Operation Gatekeeper: The Rise of the "Illegal Alien" and the Remaking of the U.S.-Mexico Boundary

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Operation Gatekeeper: The Rise of the "Illegal Alien" and the Remaking of the U.S.-Mexico Boundary

By Joseph Nevins
Routledge, 2002
256 pp. $90.00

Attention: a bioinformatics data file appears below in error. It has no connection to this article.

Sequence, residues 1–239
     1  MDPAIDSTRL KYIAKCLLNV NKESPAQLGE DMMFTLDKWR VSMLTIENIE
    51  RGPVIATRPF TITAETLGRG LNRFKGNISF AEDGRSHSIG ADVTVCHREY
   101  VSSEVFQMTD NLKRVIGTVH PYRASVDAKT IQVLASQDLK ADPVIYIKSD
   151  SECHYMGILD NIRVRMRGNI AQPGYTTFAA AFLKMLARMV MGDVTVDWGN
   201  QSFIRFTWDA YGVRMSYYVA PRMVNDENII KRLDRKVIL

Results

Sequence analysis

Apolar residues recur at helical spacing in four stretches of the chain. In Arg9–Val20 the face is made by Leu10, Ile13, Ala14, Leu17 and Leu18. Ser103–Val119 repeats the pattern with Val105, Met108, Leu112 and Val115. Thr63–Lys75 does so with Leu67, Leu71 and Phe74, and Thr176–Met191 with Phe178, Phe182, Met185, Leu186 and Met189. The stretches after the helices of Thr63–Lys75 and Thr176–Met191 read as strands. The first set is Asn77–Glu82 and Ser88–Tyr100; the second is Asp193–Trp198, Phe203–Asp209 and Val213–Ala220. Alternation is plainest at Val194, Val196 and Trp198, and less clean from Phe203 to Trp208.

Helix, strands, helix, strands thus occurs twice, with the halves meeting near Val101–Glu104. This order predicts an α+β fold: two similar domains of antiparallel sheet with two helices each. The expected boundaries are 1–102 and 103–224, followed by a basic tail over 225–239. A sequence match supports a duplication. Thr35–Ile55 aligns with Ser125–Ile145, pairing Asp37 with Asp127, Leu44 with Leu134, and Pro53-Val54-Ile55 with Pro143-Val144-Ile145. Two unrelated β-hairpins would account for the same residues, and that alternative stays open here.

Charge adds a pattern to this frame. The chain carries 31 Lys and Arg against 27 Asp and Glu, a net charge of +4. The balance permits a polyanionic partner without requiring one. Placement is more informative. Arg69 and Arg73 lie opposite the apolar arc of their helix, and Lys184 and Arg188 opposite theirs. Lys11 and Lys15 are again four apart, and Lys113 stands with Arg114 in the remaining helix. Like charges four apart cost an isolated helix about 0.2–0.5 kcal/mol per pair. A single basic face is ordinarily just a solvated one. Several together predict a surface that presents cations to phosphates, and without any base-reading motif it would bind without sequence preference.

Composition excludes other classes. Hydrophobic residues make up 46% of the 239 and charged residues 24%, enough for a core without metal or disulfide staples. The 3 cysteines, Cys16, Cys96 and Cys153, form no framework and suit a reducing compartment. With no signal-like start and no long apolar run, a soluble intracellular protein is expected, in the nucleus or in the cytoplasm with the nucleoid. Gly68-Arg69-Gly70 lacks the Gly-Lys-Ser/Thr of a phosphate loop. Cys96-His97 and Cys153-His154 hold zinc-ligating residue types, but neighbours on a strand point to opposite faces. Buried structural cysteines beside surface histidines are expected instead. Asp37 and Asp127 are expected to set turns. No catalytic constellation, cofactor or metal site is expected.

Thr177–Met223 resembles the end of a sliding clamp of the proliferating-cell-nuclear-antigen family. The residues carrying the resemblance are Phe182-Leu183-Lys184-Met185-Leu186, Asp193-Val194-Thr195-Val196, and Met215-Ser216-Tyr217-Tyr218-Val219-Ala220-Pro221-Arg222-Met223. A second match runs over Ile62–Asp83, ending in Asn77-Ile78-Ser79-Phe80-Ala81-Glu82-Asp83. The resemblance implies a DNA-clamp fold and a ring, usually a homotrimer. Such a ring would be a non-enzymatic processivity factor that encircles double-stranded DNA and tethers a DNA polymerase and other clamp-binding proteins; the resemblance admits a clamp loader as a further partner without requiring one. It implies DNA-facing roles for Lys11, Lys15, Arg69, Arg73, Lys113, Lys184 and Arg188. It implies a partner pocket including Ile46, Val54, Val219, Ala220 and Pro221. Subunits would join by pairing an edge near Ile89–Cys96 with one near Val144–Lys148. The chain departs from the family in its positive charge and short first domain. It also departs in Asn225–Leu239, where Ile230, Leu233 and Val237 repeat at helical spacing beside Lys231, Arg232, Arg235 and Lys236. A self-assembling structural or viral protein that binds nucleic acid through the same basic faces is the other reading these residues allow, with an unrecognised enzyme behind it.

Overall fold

Politicians and bureaucrats often manufacture self-serving myths to promote their own narrow interests, and immigration policy is no exception. In an attempt to steal the immigration issue from the Republicans in the wake of California's notorious Proposition 187, Bill Clinton launched "Operation Gatekeeper" in 1994 with the objective of regaining "control" of the San Diego-Tijuana border, the busiest land crossing in the world. Clinton doubled the budget for law enforcement along the border and had miles of new fence constructed and hundreds of new agents trained. But in this dense analysis, Nevins demonstrates how this politically motivated policy failed to significantly reduce unauthorized border crossings. What it did do was shift these crossings away from the suburbs of San Diego and El Paso toward the deserts and the mountains. In the end, he believes, a law-enforcement approach to illegal immigration will fail because the ties between the United States and Mexico are too strong, migrants are too resourceful and creative, and Americans are too resistant to police measures. The paradox of free trade without free labor flows remains a Gordian knot that no U.S. administration has been able to untie and still please everybody. It is difficult to see any of this changing in the near future, all the more so because of September 11.

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